Air conditioners are designed to endure precipitation, such as rain and snow. However, if your outdoor air conditioner is flooded with standing water from a large downpour, this could critically damage the electrical components in it. Your air conditioner is most likely to suffer damage if the floodwater exceeds a foot deep. Still, if the equipment has flooded at all, contact Service Experts Heating & Air Conditioning at 303-647-5749 for an air conditioning inspection.
If severe flooding has happened or is likely to occur, follow these directions to avoid hurting your air conditioner or generating dangerous operating conditions.
Don’t cover your air conditioner with a tarp. A plastic sheet won’t keep out water. Instead, it will bring moisture inside, promote rust, hasten mold growth and give animals an area to hide.
If you are in a flood-prone spot, research moving your air conditioner on an elevated base. This elevates the equipment above any floodwaters and can save you stress and expense following the next downpour.
Another approach to safeguard your air conditioning unit is to build a retaining wall around it. This structure can help you avoid air conditioner flooding, even as water rises around it. Similarly, you can stack sandbags around the system when you are alerted a storm is approaching.
If hail is in the forecast, you can lay pieces of plywood across the top of the air conditioner to shield it from hail damage. Weigh the boards down securely with stones or bricks in case the wind gets stronger.
Don’t run your AC while it’s submerged in water. Doing so could create an electrical shock hazard or even damage the internal system components.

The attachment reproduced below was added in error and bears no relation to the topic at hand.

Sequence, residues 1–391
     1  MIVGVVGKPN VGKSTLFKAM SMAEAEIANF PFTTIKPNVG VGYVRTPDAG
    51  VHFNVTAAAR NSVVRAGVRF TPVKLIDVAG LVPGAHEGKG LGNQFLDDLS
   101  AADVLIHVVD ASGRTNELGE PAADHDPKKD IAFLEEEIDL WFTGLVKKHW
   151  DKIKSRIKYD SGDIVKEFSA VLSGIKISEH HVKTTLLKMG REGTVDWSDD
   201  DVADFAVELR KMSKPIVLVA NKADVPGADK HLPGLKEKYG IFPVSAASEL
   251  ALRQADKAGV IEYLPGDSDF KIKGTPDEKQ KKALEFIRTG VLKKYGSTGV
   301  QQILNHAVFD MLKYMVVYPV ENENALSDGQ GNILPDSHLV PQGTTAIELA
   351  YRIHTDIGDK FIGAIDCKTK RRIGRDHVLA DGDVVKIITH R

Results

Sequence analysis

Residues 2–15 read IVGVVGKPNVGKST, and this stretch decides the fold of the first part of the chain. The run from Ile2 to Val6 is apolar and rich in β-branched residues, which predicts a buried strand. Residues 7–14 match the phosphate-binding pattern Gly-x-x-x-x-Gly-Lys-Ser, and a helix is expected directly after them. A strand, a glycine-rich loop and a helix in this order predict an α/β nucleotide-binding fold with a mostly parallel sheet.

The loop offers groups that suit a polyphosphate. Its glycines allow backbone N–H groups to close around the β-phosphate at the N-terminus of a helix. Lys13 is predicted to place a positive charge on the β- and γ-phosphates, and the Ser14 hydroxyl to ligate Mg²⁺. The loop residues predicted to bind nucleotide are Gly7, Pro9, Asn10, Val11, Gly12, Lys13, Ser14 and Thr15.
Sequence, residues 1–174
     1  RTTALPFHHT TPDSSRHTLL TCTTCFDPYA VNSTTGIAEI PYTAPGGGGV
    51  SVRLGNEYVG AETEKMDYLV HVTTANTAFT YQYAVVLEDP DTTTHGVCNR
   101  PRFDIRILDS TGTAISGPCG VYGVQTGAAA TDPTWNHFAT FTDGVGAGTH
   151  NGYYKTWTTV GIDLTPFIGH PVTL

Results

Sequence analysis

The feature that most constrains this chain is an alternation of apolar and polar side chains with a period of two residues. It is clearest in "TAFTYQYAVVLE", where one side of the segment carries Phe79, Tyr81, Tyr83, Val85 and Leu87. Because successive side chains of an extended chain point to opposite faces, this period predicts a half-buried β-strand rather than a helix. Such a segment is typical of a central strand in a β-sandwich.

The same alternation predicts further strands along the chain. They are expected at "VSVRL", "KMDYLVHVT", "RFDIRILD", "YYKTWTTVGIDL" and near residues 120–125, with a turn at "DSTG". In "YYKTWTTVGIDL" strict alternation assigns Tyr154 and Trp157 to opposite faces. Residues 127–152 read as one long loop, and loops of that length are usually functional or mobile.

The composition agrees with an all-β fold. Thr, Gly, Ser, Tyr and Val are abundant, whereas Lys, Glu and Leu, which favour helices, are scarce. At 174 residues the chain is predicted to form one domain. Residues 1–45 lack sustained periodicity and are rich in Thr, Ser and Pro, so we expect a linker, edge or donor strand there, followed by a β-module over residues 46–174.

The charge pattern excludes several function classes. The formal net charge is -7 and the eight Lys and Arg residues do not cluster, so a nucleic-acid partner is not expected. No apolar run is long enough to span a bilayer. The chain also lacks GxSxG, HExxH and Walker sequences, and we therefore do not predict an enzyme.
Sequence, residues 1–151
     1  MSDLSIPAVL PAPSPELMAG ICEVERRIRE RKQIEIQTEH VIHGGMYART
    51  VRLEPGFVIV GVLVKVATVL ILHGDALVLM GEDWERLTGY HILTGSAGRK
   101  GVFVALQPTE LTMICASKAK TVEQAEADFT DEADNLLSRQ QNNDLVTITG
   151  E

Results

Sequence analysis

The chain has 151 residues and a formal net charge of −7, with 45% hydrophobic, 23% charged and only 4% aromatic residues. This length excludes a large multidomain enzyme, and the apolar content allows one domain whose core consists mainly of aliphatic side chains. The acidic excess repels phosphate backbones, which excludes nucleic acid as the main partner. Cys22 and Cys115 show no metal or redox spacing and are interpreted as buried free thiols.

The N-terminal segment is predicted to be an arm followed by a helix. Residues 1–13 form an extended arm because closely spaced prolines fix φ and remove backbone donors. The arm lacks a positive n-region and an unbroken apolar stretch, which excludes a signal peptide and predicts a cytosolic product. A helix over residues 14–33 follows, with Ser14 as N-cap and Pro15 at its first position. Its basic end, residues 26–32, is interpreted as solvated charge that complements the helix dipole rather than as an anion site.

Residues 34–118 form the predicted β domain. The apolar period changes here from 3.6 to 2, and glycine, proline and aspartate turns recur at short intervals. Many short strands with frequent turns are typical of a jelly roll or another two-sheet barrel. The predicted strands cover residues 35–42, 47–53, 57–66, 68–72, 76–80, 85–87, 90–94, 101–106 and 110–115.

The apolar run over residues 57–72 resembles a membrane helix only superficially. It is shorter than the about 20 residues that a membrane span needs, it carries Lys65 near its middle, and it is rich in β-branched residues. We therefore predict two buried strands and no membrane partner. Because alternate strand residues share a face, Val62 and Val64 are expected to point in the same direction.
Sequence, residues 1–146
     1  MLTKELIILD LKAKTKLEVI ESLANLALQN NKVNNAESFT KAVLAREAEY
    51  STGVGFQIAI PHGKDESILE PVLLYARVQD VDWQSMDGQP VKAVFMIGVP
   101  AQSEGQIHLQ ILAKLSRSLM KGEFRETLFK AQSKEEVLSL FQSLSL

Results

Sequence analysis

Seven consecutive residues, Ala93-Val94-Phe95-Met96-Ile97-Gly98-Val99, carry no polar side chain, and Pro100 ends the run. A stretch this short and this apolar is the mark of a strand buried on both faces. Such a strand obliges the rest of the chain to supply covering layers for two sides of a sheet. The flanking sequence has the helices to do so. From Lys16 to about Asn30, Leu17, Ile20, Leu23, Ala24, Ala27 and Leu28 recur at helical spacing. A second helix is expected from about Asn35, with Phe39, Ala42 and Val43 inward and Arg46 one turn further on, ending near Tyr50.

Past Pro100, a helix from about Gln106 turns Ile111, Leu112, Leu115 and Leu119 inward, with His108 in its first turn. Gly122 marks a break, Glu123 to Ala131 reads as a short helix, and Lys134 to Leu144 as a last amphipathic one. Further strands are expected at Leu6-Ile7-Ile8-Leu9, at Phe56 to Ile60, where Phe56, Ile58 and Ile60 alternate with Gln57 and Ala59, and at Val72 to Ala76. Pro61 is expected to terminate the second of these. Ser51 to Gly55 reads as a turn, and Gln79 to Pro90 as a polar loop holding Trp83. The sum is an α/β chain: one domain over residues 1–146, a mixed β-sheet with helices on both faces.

To avoid these problems, disconnect the power to the air conditioner and thermostat. The easiest method for completing this is to go to the HVAC and thermostat breakers in your junction box and switch them to the “off” position. If you want help, contact an air conditioning service company like Service Experts Heating & Air Conditioning.
Once the rain eases off, you want your system to dry out swiftly. Siphon off standing water, if possible, and remove any debris from the nearby area.
Don’t turn on the system until it has been inspected by an HVAC professional. Even after it has dried out, running flood-damaged equipment can present the same hazards as turning on the air conditioning while it’s still underwater. Some issues require days or weeks to begin having symptoms, so it’s best to keep your air conditioner turned off until you have the go-ahead from an HVAC technician.
While you wait for your appointment, read through your homeowner’s insurance policy to see if flood damage secures your outdoor AC system. If so, take photos of the damage and present your claim quickly. If you don’t have flood insurance, you could still be covered if the system has sustained wind or hail damage.
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